Soaring Chinese garlic prices are putting pressure on supply chain margins, but are unlikely to hit shelf prices.

Prices of Chinese garlic have been on the rise since 2014, hitting a high of CNY6.74 (69p) per kg in August, up 32% year on year on August 2014 [Mintec].

Mintec attributed the price rise to a reduction in the area planted for 2015 following low demand and falling prices in 2013. Jinxiang, a major garlic-producing region, has seen a 15% reduction in acreage in 2015, reaching 35,330ha compared to 41,600ha last year.

Poor weather in 2014 also hit harvests, contributing to tighter supplies and rising prices, Mintec said. The latest forecasts put China’s 2015 garlic production at 0.3m tonnes, a drop of 10% compared with 2014.

Around 20% of the UK’s total garlic imports come from China, with Chinese bulbs making their way onto supermarket shelves and used for food processing.

However, rising Chinese prices have not yet translated to higher UK wholesale garlic prices, which remained flat year on year at £2.20 per kg in August [Mintec].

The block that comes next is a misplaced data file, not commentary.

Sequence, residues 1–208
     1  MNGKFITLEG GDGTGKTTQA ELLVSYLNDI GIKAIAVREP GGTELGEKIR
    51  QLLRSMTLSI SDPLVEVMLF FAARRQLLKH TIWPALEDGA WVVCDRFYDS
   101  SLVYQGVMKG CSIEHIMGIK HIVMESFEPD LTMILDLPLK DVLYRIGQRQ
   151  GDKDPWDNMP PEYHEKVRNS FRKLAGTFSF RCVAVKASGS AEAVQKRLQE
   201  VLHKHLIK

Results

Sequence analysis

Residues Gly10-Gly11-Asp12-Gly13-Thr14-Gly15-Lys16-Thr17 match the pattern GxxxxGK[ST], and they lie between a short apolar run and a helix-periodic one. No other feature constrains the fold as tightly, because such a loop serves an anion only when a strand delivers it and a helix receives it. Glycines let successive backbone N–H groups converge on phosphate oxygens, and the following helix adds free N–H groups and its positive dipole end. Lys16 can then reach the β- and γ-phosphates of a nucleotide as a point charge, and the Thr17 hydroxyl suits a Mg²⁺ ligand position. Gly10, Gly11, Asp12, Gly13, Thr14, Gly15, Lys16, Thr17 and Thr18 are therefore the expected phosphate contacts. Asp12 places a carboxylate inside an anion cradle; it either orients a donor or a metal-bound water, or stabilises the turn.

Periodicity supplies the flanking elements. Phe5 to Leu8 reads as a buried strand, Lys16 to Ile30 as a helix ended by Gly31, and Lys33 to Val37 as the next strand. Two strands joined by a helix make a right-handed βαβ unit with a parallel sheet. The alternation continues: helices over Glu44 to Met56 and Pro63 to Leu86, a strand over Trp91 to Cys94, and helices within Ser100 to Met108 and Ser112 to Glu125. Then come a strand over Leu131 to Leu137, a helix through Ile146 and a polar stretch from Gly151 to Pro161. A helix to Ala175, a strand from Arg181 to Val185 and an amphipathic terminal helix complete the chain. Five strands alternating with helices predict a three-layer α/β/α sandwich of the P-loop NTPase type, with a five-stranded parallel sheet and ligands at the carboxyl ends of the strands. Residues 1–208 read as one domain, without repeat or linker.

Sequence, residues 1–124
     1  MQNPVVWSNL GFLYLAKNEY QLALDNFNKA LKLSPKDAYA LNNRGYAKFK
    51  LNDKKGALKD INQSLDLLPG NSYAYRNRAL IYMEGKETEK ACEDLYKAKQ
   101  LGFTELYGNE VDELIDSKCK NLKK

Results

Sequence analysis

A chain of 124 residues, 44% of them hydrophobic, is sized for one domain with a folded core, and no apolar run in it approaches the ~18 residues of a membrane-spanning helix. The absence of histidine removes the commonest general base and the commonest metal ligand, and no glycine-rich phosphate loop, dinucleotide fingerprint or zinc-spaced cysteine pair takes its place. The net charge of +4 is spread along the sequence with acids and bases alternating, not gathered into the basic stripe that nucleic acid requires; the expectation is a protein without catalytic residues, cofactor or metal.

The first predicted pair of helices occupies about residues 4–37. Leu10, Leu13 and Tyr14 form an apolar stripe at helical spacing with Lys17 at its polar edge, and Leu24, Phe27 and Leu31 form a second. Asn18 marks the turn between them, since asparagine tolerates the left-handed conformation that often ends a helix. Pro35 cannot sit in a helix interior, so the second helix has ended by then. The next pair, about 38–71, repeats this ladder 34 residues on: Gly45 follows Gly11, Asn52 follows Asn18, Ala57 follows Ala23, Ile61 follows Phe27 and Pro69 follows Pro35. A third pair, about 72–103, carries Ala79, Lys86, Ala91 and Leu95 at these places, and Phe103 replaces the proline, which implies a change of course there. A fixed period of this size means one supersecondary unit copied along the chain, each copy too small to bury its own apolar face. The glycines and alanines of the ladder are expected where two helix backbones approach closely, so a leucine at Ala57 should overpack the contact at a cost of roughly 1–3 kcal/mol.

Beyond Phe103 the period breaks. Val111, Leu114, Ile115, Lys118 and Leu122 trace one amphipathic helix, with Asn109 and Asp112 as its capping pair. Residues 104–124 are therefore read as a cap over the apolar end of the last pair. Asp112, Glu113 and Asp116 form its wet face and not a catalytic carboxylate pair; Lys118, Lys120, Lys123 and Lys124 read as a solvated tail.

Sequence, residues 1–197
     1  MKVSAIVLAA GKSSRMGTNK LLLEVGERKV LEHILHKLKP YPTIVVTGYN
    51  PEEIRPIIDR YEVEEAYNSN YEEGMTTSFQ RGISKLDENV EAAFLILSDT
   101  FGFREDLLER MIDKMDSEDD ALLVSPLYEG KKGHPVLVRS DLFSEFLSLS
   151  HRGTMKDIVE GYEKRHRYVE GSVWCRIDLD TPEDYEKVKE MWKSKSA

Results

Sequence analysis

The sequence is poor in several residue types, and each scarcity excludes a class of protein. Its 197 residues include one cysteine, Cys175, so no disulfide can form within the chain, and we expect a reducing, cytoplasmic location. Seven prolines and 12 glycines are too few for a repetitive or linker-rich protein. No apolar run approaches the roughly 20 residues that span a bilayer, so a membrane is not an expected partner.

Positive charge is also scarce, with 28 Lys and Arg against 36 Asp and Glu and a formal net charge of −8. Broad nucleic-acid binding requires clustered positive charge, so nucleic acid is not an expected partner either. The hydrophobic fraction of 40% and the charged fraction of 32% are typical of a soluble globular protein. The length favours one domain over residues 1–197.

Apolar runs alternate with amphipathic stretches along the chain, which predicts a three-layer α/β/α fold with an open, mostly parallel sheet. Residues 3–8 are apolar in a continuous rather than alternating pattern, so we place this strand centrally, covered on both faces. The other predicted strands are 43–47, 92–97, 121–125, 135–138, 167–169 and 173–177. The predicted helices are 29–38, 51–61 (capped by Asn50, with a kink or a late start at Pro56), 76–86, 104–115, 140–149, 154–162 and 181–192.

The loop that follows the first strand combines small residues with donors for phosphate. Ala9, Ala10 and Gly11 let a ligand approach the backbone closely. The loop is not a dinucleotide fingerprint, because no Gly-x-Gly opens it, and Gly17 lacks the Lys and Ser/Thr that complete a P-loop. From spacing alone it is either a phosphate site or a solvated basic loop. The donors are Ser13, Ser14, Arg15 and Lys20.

“Despite the year-on-year increase in Chinese price, the UK wholesale prices have so far remained stable with the higher costs being until now absorbed by the supply chain,” said Mintec analyst Jara Zicha. “There is a comfortable premium between the Chinese and UK wholesale price, which cushions the volatility.”

Tim Cowan, marketing coordinator for wholesaler Reynolds, agreed Europe had so far been insulated from fluctuations of supply and price in South-East Asia.

“From our perspective we are seeing a continued reduction in general pricing for garlic,” he said. “The last increases were seen two years ago, and prices have been going down every six months since that time.”